“Herbert Simon contrasted systems that are non-decomposable with systems that are (or are nearly) decomposable. Brooks’s conception of the 360 operating system created a non-decomposable system: every part communicates with virtually every other part.8 By contrast, a decomposable system is one in which all (or most) communication takes place within the subsystems and little or none among the subsystems. As Simon put it more recently, a decomposable system “can be thought of as a boxes-within-boxes hierarchy with an arbitrary number of levels. Its special characteristic is that equilibrating interactions between boxes at any level take place much more rapidly than the interactions between boxes at that same level, and similarly all the way to the top of the hierarchy.” (Simon 2002, p. 589). (http://web.uconn.edu/ciom/Open1C.pdf)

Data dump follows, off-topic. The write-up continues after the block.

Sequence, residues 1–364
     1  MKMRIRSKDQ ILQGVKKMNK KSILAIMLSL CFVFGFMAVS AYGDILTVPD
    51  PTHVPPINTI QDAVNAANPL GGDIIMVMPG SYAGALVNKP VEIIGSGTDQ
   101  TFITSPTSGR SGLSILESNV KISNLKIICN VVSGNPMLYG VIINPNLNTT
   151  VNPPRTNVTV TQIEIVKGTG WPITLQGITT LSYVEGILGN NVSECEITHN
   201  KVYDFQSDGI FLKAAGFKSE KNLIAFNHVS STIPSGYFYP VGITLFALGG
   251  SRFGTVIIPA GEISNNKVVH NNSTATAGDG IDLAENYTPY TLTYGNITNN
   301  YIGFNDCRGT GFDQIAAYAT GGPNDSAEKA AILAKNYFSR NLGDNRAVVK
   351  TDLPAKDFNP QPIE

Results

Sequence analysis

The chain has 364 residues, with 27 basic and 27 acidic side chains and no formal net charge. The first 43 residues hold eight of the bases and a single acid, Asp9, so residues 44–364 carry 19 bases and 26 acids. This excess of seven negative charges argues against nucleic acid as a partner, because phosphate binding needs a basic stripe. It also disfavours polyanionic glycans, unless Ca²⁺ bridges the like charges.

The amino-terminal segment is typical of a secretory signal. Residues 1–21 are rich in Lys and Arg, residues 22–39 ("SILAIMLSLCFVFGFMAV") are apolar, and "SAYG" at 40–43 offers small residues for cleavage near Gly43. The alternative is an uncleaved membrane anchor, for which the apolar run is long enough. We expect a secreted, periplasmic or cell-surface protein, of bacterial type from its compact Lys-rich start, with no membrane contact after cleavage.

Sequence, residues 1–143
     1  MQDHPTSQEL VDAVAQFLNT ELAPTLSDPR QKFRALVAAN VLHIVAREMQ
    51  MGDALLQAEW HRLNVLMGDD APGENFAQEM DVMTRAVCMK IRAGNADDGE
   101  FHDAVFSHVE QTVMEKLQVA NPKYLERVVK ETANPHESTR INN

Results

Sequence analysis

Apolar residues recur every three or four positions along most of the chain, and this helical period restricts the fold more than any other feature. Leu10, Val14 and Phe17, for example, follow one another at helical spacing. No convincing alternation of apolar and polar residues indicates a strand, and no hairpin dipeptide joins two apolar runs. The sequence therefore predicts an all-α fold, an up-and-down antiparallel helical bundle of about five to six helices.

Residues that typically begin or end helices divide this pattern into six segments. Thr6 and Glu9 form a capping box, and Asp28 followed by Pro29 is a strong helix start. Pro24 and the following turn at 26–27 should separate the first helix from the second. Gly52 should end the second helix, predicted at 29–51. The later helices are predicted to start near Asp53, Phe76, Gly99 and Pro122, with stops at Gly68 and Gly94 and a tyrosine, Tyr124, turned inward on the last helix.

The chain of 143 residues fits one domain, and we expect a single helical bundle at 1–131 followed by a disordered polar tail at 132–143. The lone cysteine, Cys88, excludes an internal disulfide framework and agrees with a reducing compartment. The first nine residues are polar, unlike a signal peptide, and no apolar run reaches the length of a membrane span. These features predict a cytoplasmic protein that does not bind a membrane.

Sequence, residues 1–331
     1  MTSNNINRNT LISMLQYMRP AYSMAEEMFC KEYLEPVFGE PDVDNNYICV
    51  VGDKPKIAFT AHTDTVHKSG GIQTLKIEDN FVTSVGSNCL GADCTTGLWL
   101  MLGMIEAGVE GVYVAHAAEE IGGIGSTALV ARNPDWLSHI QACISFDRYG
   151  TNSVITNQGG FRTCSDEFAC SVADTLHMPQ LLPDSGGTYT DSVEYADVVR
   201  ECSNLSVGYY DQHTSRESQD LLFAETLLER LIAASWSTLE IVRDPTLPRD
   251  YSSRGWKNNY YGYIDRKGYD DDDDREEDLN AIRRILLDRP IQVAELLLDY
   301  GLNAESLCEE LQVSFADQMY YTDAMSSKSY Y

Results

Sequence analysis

Simon, Herbert A. 1998. “The Architecture of Complexity: Hierarchic Systems,” in Idem, The Sciences of the Artificial, 3rd edition, second printing. Cambridge, Mass.: MIT Press: 183-216. Originally published in 1962, Proceedings of the American Philosophical Society 106(6): 467-82 (December).
Simon, Herbet A. 2002. “Near Decomposability and the Speed of Evolution,” Industrial and Corporate Change 11(3): 587-99 (June).